During the January 2021 billion-dollar jackpot run, the Pennsylvania Lottery had 60,000 first-time depositors, four times more than any calendar month in the prior year. The problem was that many of those players wouldn’t return until the next large jackpot. The Lottery saw jackpot chasers have a churn rate of up to 80%. (Churn rate is the rate at which customers stop doing business with a company over a given period.)
“Those players came for a particular reason. As marketers, our goal is to retain them so that they continue to engage with the Lottery’s brand and products, and ideally play online,” said Merv Huber, Senior Director Digital Growth at Scientific Games.
On average, online draw players are valued at an estimated $40 in revenue on a month-to-month basis. eInstant players are valued at $400 per month. Can lotteries convert those online draw players into eInstant players? The best way is to have them sample online games.
“Most eDraw players do not know what an eInstant game is, but there are ways to introduce eInstants,” Huber said. “Draw players are more likely to click on a familiar brand. Therefore, licensed properties are a great tool to help lotteries convert players.”
When Powerball increased to $700 million in October of 2021, the Pennsylvania Lottery tested this concept and positioned WILLY WONKA and MONOPOLY eInstant games at the top of its iLottery lobby. It was a small change in an effort to convert draw players, and it saw the highest success rates.
“When the jackpot got up to higher levels, we started positioning our licensed properties right next to Powerball and Mega Millions. And the needle began to shift toward converting those draw game players to instant players,” Huber said.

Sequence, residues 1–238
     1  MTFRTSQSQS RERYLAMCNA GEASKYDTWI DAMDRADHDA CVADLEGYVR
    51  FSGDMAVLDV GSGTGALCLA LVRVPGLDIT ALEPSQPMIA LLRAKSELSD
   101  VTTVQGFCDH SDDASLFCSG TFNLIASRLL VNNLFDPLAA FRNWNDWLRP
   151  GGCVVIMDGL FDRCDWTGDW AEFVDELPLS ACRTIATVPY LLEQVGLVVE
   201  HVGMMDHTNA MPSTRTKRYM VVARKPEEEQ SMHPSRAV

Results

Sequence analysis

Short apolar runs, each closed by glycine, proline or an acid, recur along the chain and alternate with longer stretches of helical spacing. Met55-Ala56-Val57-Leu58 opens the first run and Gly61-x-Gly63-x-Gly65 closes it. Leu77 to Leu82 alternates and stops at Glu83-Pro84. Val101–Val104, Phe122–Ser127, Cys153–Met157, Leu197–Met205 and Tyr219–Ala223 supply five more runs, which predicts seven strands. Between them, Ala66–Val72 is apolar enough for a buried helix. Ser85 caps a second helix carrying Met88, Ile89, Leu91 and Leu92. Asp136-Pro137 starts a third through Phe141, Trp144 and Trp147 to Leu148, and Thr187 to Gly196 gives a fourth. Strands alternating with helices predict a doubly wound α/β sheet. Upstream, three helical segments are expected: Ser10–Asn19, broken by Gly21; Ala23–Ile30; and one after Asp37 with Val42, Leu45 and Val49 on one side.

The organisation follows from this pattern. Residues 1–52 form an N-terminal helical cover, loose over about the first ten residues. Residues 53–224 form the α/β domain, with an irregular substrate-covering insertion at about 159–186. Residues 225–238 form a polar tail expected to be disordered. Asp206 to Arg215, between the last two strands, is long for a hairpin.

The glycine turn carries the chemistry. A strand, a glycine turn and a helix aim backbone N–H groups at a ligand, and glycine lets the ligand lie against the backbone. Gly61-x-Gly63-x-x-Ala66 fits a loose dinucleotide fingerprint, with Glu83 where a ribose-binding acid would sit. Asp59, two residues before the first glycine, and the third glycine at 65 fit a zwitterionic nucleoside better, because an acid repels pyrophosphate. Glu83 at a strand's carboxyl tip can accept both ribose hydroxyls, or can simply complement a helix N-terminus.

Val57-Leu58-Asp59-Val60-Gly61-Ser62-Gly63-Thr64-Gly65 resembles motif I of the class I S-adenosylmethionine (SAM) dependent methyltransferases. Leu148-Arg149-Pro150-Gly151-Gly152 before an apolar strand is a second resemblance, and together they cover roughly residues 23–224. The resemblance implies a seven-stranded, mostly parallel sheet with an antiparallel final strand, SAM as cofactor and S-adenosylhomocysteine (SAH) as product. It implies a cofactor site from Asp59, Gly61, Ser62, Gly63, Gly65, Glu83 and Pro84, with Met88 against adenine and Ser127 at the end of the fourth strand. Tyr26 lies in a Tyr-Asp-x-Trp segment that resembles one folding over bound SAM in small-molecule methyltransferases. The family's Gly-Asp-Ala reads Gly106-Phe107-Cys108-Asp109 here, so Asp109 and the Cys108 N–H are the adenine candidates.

While it has only been a few months, the data shows that players who sampled eInstants during that jackpot run remain active today, at higher rates than similar cohorts of players who did not sample eInstants during the same period.
Licensed games can be an added expense, but costs can be mitigated by attracting new players. Branded games can be promoted during advantageous times, such as high jackpot runs to encourage new players to test eInstants. Those higher costs are offset by the influx of more players spending more during the run than they would otherwise, and also being more likely to continue playing after the jackpot run concludes. When jackpots are low, lotteries have the option to deprioritize licensed games, knowing those games are always available to be placed front and center when it is time to strike while the iron is hot (during the next jackpot run).
“Lotteries can make very nimble decisions because they’ve got a lot of flexibility with their iLottery lobby. They can optimize eInstant sampling during heavy registration periods. Maybe they’re taking a slimmer margin on those games, but overall revenues are increasing. That’s a great trade-off! And if they do not see the lift in conversion that they want, there are tools available to adjust that,” Huber said.
Licenses at Retail
Licensed properties can also turn lotteries’ retailer network into a critical tool to introduce players to online games, regardless of jackpot size. A licensed game sold at retail can feature a prominent call-out to try a digital version.
Retail games can also have callouts for second-chance promotions, which is essential because they introduce players to the lottery’s digital ecosystem. Once players register online, lotteries get a better understanding of them, including contact information, demographics, and an indication of what games they like. Lotteries can then use that information to tailor their messaging to those players. Or for lotteries without iLottery, it builds a substantial player database to be utilized when iLottery programs are launched.
“It is critically important in a market like Pennsylvania, which is a hyper-competitive state for game entertainment. There are more than a dozen commercial operators in this state. Players there are the most expensive to acquire in the country. The Lottery’s retail network is a tool that the commercial operators don’t have access to, and it is imperative to optimize that channel to help drive funding for programs benefitting older Pennsylvanians,” Huber said.